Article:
Interval 1. Initially, t=0 and Q1 is on (Fig. 2a). The transformer is magnetized with a ramp current during this interval, defined as TON. Secondary current flows through the secondary diode DR, and the voltage across capacitance CD is approximately zero. CD includes the internal diode capacitance and the external capacitance added across diode DR. The primary magnetizing current has a value of I1 at the start of this interval and I2 at the end of the interval:
The primary current IP is the sum of the reflected current IR (equal to IO×NS/NP) and the primary magnetizing current IMAG.
Interval 2. When the switch is turned off, the switch Q1 drain-to-source voltage begins to rise (Fig. 2b). When that voltage exceeds VIN, the polarity across the secondary winding is reversed. Then the secondary diode DR turns off and the freewheeling diode DF turns on. A sinusoidal demagnetization current starts to flow through the resonant circuit formed by the parallel combination of transformer magnetizing inductance LM and the capacitance CR reflected across the transformer primary. The capacitance CR is the sum of all capacitances across the primary including the reflected capacitance CD, the internal plus external capacitance across diode DR (internal diode capacitance of DR<<CD):
where CS is the primary switch capacitance and CT is the transformer primary capacitance. Interval 2 equals TON + TR, where TR is one-half of a resonant interval:
The external capacitance CR charges from zero to a peak value of:
during this interval, and then discharges back to zero. The magnetizing current I1 at the end of the interval should therefore equal -I2. The drain-to-source voltage (VDS) on the primary switch Q1 at the end of this interval is VIN, but reaches a peak of:
halfway through Interval 2.
Interval 3. During this interval, diodes DR and DF are both on, and the primary switch is off (Fig. 2c). Voltage across the transformer primary is held to zero by the reflected virtual short across diode DF, and the magnetizing current is held to -I2 for the entire interval. The end of Interval 3 defines the end of a switching cycle, and because the circuit is at steady state, the current I1 equals -I2. Substituting for I1 in Eq. 1, we see that the primary magnetizing current at the start of each switching cycle is:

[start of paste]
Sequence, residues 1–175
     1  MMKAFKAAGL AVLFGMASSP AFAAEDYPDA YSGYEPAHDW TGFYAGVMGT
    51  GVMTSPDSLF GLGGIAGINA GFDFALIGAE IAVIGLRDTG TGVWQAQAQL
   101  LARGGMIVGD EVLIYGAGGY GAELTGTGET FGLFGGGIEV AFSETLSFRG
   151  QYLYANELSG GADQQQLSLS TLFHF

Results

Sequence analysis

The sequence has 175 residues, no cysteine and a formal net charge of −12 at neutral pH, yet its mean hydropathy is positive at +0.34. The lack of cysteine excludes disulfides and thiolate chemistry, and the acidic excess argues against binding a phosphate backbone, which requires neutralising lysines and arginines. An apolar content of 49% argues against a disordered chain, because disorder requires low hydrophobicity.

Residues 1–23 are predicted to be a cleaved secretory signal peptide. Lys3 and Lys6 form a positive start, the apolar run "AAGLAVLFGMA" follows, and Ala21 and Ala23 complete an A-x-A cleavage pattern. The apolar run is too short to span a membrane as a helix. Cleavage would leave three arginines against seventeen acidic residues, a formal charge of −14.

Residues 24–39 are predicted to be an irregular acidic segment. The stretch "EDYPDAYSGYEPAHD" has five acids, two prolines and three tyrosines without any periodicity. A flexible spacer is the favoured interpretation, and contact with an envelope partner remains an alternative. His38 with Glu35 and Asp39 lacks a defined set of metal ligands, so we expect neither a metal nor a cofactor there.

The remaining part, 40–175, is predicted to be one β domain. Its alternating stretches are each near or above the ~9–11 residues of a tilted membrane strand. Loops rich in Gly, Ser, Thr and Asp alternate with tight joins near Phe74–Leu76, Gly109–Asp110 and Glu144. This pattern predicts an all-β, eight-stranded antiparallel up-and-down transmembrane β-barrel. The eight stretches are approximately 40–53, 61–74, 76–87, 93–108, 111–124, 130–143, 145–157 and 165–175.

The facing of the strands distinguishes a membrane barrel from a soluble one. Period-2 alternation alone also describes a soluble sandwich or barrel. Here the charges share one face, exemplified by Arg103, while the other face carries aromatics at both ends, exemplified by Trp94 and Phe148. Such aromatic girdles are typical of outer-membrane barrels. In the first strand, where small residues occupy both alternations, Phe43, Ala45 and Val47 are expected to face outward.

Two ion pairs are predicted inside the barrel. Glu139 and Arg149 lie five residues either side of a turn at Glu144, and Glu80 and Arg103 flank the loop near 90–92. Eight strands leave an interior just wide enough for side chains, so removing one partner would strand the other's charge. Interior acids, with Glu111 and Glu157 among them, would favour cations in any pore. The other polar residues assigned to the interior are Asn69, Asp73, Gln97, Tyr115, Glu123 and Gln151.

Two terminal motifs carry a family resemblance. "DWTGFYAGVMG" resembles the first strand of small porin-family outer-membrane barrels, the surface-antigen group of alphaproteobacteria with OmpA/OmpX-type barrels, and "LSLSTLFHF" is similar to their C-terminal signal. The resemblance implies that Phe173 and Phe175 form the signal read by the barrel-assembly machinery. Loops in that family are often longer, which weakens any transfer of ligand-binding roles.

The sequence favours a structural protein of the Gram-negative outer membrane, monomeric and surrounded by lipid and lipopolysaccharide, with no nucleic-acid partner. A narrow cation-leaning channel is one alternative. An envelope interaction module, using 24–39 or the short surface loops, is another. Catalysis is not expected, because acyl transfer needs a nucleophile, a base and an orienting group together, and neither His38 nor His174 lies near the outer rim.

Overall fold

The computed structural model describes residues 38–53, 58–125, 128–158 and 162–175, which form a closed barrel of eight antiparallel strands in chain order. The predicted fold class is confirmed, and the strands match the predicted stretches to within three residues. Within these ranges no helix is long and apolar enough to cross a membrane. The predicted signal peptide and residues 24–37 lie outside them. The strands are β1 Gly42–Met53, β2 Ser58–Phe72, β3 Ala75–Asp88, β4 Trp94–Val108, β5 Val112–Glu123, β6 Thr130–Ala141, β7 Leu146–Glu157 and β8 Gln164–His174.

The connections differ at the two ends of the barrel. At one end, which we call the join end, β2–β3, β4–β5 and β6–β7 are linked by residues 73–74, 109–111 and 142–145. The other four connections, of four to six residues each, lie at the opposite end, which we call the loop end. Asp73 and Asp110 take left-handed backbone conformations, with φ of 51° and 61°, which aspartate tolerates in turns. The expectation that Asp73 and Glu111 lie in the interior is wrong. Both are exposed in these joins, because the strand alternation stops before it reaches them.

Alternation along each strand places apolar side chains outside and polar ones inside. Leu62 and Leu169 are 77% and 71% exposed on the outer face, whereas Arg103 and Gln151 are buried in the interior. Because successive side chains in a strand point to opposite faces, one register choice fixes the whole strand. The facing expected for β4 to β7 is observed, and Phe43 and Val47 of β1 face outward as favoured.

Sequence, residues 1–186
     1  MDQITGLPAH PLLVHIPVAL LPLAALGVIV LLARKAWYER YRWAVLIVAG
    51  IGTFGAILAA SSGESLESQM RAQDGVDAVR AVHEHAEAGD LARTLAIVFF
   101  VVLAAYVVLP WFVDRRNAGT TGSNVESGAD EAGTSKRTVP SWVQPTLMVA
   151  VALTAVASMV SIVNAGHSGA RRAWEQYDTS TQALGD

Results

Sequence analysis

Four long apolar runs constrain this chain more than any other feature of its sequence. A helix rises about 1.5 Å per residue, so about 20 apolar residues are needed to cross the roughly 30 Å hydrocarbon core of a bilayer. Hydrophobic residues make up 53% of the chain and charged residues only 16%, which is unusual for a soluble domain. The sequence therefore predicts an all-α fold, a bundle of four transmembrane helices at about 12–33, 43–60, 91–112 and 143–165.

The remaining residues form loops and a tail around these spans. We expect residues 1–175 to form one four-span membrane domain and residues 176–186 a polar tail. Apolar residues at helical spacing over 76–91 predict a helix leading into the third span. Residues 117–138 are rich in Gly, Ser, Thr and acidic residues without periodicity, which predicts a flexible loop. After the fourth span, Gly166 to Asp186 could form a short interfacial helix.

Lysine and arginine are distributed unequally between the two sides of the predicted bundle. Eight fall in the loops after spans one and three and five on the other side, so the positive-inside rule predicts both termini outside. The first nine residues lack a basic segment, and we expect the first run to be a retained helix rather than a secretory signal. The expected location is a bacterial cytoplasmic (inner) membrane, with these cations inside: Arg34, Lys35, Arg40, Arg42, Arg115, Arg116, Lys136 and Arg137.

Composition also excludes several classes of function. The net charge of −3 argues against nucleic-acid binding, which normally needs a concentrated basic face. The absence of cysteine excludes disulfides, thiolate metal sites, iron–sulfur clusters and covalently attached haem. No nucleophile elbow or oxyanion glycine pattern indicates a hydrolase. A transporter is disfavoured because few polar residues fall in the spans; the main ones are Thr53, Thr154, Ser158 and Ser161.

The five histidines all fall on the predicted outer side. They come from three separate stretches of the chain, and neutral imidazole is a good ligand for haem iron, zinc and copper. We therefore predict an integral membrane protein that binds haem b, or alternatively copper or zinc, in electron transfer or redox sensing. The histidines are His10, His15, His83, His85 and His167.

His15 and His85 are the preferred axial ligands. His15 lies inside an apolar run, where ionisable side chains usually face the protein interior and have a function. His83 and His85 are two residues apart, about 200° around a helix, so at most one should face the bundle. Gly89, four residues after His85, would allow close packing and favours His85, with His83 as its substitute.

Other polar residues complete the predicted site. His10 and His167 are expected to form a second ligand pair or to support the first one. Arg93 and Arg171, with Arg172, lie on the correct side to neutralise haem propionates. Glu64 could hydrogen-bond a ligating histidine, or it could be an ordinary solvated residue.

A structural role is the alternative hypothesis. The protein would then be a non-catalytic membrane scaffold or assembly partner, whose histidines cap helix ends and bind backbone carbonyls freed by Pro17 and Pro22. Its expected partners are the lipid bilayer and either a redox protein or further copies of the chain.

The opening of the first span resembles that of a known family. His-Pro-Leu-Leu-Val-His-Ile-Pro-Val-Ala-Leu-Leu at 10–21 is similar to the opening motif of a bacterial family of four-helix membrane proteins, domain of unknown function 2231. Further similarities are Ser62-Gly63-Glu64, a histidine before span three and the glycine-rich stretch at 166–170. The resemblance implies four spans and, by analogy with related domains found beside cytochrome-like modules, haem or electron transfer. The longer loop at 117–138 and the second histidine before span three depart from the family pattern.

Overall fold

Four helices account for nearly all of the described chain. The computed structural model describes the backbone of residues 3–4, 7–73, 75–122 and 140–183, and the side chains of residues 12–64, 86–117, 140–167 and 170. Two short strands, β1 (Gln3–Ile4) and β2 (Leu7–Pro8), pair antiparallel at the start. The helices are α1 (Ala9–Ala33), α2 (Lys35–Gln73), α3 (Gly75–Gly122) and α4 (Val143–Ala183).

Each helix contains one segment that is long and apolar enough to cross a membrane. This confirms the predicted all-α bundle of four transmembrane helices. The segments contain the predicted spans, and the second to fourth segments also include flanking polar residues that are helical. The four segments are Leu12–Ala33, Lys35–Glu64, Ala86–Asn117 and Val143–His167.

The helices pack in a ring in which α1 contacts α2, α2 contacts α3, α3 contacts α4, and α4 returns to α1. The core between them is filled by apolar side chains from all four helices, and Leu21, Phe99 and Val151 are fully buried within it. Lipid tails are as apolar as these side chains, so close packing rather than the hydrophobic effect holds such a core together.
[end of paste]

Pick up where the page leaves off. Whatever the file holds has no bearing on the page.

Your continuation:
During the entirety of Interval 3, the voltage across the transformer primary is held at 0 V, so the primary switch voltage VDS remains at VIN. Note that at the end of TS, I2≠I1 is possible if π√LM × CR > TR. In that case, a full half-cycle of resonance has not been completed before the next switching cycle begins, and therefore the voltage across the primary switch exceeds VIN at the start of each switching cycle. That condition increases the switching loss.
Transient stresses on the primary switch and secondary output diodes can vary greatly depending on the type of controller used in the application. If the design is not optimal, transients can cause failure in the primary switches or the secondary diodes.